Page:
By Lindsay Toler
By Chad Garrison
By Brett Koshkin
By RFT Staff
By Lindsay Toler
By Riverfront Times
By Danny Wicentowski
By Pete Kotz
"We had potential staff calling us, asking us when we were going to open up," Marcus says. "I think the hardships we were starting to face -- in addition to the financial hardship -- was our loss of credibility. People were starting to say things like 'This isn't really going to happen, is it?'"
Karen O'Reilly, a school social worker and personal friend of Marcus, says she started worrying about her friend about that time. "At first, I didn't realize what this would entail," O'Reilly says. "I was just so pleased that he had such a good idea and the gumption to do something about it. But this was a huge undertaking. There were trips to the lawyers, to Chicago and to Springfield. He had a well-established practice in Belleville, but he was taking a financial hit. I was fearful for him, and I would talk to him and ask him if he was sure he wanted to do this."
Even Dan began to wonder.
It wasn't until May 1998 that the director of the southern region handed down his official approval. It was Carl and Marcus' first victory in almost a year, and now it was just a matter of waiting for the state director to approve. That, both men thought, would come quickly.
But months went by with no word from Springfield. Then a letter came late in the summer stating that the director's office wanted more information about the project. Until then, it would officially be considered "on hold."
DCFS's Slomka says the state had its reasons.
"They were a brand-new entity that we hadn't done business with before," he says. "Understandably, and this is the business side of the child-welfare system, we had to be very careful about the process -- and, I think, rightfully so, because the goal here is that they will be serving our children, and we have to make sure this is an entity that can provide us with that service."
By this time, the money had run out. Marcus had already dropped most of his private clients, and Carl, who had already turned down several other job offers, began selling off his personal belongings.
"I was pretty beat-up by this time," Carl says. "I was at my wits' end. Going through it was hell, basically. I mean, by this time, I had gone through my life's savings. I took a waiter's job to live. A waiter's job. I'd run into a lot of people I knew and they'd ask me why the hell I was waiting tables, and I'd say, 'Well, see, there's this project....' Two months later they'd come back in, and I'd say, 'I'm still working on this project, see....'"
Rommie Martinez, a friend of Carl's who owns the CD ROM hair salon on the Hill, remembers the time well.
"He just stuck with it," Martinez says. "I mean, this was a person who used to make a very decent living, and I watched him take a job as a waiter. He sold his car at one point, and, I mean, he was used to driving Jaguars. He gave up all of his personal possessions just to stick with this thing."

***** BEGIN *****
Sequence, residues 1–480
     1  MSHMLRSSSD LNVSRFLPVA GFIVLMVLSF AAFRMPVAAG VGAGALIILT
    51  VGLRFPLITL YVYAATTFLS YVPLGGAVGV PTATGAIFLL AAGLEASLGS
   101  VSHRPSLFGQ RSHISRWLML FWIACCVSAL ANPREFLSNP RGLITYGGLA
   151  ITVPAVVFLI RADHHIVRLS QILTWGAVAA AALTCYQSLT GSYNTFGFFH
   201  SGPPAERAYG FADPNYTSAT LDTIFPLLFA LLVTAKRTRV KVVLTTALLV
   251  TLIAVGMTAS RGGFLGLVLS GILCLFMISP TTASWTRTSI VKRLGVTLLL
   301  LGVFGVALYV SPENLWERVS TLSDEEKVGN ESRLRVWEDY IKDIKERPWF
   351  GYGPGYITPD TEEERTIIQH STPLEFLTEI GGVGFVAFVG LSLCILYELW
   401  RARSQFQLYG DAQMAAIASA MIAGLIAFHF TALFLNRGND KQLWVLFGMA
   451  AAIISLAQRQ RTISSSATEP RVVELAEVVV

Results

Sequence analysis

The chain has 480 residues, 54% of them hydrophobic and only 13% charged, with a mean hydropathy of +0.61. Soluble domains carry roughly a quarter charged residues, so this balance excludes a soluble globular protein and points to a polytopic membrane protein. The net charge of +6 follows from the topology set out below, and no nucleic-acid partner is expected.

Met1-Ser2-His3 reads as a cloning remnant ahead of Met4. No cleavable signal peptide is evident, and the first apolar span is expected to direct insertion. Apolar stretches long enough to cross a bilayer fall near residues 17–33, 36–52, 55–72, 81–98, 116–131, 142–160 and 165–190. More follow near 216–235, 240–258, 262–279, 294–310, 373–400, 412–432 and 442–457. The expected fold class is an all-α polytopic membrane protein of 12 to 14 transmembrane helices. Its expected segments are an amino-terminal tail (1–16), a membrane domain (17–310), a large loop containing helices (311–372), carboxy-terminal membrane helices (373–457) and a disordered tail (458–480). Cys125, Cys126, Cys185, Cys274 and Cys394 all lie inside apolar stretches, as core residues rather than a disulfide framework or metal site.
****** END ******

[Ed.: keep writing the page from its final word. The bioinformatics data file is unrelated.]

For Carl and Marcus, there was little choice. They had swum out into the middle of an ocean, and the only decision to be made was whether to go forward or back. At that point, it didn't make much difference.
Says Carl: "Our close friends looked at us and said, 'Are you crazy?' And we'd say that this thing is going to happen, and they'd say, 'Sure it is. Sure it is.' Even when my own kids would want something and I'd say, "Dad doesn't have the money right now,' they'd say, 'Oh, when the deal comes through?' Then they'd roll their eyes at me."
The pair watched Field of Dreams and The Big Lebowski daily.
"People were starting to look at me like I was crazy," Marcus says.
Looking back, he thinks maybe he was.
It was a bad time for Marcus and Carl, the worst they'd ever been through. In a little more than a year, they had pawned their careers and sacrificed their reputations. Because he devoted so much time to the project, Marcus' large private counseling practice had been cut down to just nine clients, and Carl, a business administrator by profession, now waited tables full-time.
Urgency overtook all common sense. The money was gone, and every better business practice known by the men had been violated. When they ran into smirking former colleagues eager for gossip, all either of the men could say was "Well, see, there's this project...."
For both men, the project was everything, and for both men, the project was going nowhere. It was now October 1998, 13 months since they'd first approached DCFS with the idea of opening a private facility for the state's most emotionally troubled teenagers, and it still hovered in the future like a mirage.
"Almost everyone who supported the project in the beginning had dropped out," Marcus says, "and understandably so. It wasn't going anywhere."